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Cape Elizabeth widow (and artist and mother and humorist) shares her life after death

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Cape Elizabeth widow (and artist and mother and humorist) shares her life after death

CAPE ELIZABETH — Sandi Amorello lost her husband Drew to pancreatic cancer in 2002.

He died the day after Christmas, and at 41, Amorello became a single mother of three children under the age of 10.

Eight years later, she has found a way to turn her greatest loss into hope for other widows, divorcees and single parents by using humor, art and multi-media.

"Our marriage wasn't perfect, but I knew – before cancer, that is – he wasn't going to leave me and I wasn't going anywhere," Amorello said. "When we vowed 'til death do us part, I wasn't expecting it so soon. That wasn't what I bargained for."

In 2005, Amorello moved with her family to Cape Elizabeth. As she started her new life, she began to see the humor in mid-life dating and single parenting. She found that writing about her experiences and creating art work to supplement the writing was cathartic, healing and humorous.

"Losing my husband was the worst experience of my life, but it also allowed me to realize my potential, and opened doors of opportunity I would not have had otherwise," she said. "It was a wonderful chance for me to be true to myself and to take risks."

Amorello's writing became part of a multi-media project called the Irreverent Widow. She created a website to share her stories of love, death, widowhood, mid-life dating, single parenting and healing with like-minded people. Her stories are touching, humorous and honest.

Here's what she says in a short story comparing grief to dog walking: "One must ask, is putting the poop in a plastic bag and tossing it really the wisest way to deal with it?”

And she compares dating to a shampoo routine in a story called "Wash, Rince, Repeat:" "Why is it that I keep pouring the same guy out of the same bottle ... yet expect to get a different product? The next time I (or you, dear reader) am tempted to do a follow up shampoo with the same man who caused us the frizzies, limpness or just an all around BAD HAIR DAY (or perhaps week, month or year!), I implore that we use our heads. Instead of jumping in and using that same old shampoo again ... I suggest we think twice."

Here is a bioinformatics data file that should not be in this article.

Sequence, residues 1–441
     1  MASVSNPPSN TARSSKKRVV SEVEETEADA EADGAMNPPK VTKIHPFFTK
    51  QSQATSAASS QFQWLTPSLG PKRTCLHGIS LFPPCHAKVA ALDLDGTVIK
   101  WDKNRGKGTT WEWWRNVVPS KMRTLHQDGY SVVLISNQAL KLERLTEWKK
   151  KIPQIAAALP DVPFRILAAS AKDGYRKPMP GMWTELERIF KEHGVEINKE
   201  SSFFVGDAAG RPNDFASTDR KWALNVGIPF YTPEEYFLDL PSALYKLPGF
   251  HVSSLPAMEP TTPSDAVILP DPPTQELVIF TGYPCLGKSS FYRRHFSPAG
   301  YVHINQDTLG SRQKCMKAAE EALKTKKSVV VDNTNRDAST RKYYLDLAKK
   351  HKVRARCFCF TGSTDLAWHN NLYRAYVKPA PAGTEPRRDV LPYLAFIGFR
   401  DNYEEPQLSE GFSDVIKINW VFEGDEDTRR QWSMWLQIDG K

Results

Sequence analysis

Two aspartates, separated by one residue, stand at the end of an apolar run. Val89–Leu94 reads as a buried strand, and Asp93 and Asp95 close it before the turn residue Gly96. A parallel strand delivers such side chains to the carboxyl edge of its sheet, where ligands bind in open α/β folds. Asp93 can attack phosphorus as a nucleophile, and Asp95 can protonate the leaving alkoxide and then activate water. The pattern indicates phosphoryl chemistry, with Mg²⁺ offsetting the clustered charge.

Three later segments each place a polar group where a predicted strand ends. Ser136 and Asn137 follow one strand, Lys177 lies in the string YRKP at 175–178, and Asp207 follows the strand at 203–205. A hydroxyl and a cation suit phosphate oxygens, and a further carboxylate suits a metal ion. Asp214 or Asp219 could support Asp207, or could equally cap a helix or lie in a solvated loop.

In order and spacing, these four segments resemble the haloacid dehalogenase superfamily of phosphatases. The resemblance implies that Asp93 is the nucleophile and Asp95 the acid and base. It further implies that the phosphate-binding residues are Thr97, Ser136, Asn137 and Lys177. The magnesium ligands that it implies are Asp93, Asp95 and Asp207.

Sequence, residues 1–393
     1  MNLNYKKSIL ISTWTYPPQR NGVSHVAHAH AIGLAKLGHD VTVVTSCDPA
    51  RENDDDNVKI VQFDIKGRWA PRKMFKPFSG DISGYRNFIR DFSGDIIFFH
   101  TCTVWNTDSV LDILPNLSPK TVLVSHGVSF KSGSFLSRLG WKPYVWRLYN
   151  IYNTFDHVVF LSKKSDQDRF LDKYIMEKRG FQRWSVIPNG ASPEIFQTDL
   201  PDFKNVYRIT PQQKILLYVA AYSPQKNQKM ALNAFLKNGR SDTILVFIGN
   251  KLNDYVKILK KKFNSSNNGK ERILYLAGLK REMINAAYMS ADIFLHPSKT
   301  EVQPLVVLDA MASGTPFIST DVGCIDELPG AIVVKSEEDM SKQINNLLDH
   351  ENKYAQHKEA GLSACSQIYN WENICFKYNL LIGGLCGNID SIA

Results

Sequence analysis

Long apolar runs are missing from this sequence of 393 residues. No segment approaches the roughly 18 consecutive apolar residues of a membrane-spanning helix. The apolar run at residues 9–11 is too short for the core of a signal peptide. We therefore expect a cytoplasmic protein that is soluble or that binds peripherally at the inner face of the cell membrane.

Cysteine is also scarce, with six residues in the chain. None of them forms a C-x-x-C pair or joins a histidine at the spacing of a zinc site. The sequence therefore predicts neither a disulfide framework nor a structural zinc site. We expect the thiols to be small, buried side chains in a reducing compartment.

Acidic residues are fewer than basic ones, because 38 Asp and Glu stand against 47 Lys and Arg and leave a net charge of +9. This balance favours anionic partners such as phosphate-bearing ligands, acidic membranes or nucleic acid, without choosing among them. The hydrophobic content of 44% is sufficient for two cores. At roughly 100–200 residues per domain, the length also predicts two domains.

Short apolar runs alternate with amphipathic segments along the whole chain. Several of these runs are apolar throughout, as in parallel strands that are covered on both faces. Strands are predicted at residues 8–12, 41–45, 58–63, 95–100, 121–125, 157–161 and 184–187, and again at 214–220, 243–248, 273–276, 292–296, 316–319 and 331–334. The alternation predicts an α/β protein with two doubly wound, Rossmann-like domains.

Her art is also displayed at her Silver Crayon Studios on Oak Street in Portland, and at the Center for Grieving Children. She said she is looking to move into a larger studio, and soon will have the room to host open studio time, seminars and workshops.

Her newest project, Cathartic Art, is a program designed for anyone who has suffered a loss or major life change. It is a way to inspire and encourage people to use objects of their past to create art, while learning how to move through the grieving process, she said.

Amorello said she will share her own experiences as an example, and then attendees can find their own creative outlet using art or the written word.

"This project is not about self-help for widows, it is not about death and dying," she said. "It is about celebrating life and living every day with creativity and humor. It's about sharing laughter and tears."

Using antiques, vintage items, and objects from her childhood and married life, Amorello plans to continue creating art. In addition to the Irreverent Widow website and the Cathartic Art project, Amorello said she hopes to create large art as part of a traveling exhibit for hospitals, meditation rooms, lobbies and common spaces where art can help inspire those in need.

"We live in a society where people aren't supposed to outwardly deal with loss and change. We are so uptight and uncomfortable about it," she said. "I want people to know there is no such thing as speed grieving. I want them to know they are not alone or isolated in their grief, that there is a lightness and a something positive in widowhood and in death. If I am laughing through all of this, others can too."

Amy Anderson can be reached at 781-3661 ext. 110 or aanderson@theforecaster.net